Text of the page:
Merck KGaA could bail on biosims with unit sale: Reuters

Merck kgaa

Biosimilars seem to be all the rage these days--but one pharma player may want out.

Merck KGaA is shopping its biosims unit, sources tell Reuters, with the German drugmaker bringing on JPMorgan Chase & Co. to tab potential buyers for the business. Long-term sales potential could put the unit’s value at as much as $1 billion, they said.

The reason Merck may be willing to give that up? Tough competition from its Big Pharma peers. Take the company’s advanced candidate, a knockoff of AbbVie’s globe-leading Humira: The behemoth med already has one FDA-approved challenger from Amgen in Amjevita, and just last week, fellow German company Boehringer Ingelheim announced its own version had matched the branded med in a Phase III study.

Merck boasts several early-stage compounds, though if it hangs around in the business, it’ll have to go up against the likes of established players Novartis and Pfizer, each of which already have at least one approval to speak for.

It’s no surprise the market feels crowded at the moment. Hot sellers such as Humira and fellow anti-inflammatory meds--including Amgen’s Enbrel and Johnson & Johnson’s Remicade, which already have approved copies--make the most attractive targets to drugmakers looking to cash in on a piece of their blockbuster sales.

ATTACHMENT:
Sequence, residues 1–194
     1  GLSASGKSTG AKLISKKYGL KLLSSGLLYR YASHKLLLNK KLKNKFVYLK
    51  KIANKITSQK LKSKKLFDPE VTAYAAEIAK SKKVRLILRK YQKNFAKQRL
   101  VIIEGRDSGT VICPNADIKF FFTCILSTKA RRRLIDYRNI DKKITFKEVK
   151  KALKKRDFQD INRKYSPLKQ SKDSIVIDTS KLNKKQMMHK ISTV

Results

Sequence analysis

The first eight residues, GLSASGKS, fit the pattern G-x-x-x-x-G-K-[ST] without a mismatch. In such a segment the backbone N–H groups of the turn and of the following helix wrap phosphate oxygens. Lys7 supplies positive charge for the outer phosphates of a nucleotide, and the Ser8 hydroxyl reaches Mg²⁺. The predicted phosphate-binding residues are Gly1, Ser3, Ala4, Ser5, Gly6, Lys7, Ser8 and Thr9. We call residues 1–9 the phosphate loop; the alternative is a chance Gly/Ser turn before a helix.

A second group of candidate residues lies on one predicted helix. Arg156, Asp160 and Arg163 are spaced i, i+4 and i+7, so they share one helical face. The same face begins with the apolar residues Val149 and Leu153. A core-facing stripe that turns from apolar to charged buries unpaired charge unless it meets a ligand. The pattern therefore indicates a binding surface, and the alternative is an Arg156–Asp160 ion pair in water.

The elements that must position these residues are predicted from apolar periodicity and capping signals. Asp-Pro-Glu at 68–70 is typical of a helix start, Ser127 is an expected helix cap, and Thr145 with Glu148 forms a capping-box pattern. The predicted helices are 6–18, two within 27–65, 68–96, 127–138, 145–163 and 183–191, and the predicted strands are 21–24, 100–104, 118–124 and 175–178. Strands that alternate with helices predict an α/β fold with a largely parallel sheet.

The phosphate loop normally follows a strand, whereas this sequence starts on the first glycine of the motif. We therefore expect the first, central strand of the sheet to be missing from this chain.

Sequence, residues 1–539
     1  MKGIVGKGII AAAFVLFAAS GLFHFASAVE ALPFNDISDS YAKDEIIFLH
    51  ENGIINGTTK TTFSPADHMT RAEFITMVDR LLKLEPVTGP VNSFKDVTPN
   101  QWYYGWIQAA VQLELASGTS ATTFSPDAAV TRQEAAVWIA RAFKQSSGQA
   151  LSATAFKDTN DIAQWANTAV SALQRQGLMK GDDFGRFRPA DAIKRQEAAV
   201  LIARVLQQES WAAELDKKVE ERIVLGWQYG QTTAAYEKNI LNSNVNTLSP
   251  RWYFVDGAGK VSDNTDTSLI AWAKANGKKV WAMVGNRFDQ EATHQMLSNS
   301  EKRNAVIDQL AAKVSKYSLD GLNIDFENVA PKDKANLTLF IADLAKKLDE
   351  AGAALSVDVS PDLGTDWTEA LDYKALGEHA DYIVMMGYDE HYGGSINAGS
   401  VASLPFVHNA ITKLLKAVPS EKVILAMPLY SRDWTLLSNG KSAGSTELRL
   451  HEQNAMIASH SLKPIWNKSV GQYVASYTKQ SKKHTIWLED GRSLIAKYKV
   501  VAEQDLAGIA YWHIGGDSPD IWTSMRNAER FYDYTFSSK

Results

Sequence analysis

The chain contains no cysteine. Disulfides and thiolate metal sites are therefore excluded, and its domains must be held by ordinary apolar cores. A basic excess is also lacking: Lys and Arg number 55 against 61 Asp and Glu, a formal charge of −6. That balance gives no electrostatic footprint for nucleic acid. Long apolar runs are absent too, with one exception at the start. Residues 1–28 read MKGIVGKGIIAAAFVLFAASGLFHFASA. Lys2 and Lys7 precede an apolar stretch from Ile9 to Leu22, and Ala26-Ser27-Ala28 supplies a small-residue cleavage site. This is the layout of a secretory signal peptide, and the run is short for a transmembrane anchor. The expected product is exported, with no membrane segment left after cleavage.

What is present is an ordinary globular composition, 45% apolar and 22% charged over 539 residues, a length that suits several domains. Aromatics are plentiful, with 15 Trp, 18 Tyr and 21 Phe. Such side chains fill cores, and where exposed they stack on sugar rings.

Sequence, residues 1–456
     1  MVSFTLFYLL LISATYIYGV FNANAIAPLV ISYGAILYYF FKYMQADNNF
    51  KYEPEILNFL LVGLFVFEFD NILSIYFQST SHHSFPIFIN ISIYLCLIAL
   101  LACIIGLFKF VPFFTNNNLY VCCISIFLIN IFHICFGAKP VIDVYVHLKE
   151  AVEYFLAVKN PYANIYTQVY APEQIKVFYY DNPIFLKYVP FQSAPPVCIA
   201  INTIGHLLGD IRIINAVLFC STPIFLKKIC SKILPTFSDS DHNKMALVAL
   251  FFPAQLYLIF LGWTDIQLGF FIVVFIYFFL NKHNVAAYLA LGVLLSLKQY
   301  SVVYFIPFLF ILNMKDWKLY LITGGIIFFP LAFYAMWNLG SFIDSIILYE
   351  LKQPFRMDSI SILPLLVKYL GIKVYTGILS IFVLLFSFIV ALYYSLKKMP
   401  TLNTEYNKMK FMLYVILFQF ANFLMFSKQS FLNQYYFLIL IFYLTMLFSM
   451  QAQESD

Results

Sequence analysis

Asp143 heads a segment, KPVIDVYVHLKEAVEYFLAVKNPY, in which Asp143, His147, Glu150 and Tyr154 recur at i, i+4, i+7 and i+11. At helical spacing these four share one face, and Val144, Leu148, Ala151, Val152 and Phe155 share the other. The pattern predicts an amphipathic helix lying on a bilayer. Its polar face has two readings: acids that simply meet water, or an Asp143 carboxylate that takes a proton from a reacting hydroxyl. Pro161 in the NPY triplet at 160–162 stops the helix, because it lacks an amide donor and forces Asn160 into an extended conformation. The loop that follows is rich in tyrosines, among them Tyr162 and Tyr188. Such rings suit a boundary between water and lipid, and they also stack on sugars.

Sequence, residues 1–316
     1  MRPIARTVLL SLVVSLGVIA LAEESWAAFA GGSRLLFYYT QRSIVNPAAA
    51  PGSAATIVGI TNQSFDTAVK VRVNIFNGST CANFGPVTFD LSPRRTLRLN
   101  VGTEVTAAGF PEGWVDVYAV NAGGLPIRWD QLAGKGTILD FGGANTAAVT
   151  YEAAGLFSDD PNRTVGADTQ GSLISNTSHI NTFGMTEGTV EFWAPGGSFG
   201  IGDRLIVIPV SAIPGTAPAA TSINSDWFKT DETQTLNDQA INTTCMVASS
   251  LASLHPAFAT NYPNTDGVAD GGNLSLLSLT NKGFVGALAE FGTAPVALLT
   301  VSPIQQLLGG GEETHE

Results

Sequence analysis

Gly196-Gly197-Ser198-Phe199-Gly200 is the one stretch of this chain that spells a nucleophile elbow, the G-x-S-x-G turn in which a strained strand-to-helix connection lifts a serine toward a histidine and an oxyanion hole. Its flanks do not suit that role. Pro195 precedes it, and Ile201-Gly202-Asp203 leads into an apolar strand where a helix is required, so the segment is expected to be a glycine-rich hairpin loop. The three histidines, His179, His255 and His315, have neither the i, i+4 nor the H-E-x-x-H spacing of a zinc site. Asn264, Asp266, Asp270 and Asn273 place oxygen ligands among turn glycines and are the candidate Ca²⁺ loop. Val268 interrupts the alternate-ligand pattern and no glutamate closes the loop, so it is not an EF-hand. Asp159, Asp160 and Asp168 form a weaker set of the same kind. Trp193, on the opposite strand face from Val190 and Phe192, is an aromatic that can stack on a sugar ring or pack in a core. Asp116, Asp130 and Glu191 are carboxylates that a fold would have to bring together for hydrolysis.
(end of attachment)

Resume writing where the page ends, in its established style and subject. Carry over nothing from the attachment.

And the field, still new in the U.S., is just beginning to heat up. While there’s still just one biosim on the market--Novartis’ Zarxio, a copy of Amgen’s Neupogen--Pfizer recently announced that it’s gearing up to launch its Remicade copy next month, and the FDA recently doled out approvals to Novartis for its biosimilar Enbrel and to Amgen for Amjevita.

If Merck does step away from biosimilars, it’ll put even more pressure on the company’s new products to generate the sales numbers the company recently announced as targets. The company sees itself churning out sales of €4 billion with new products by 2022, using both already approved and current pipeline products to do it.

Luckily for Merck, it’s also playing in the red-hot immuno-oncology field. It’s in the process of prepping a regulatory submission for skin cancer treatment avelumab, and it intends to hand over the application this year. 

- get more from Reuters

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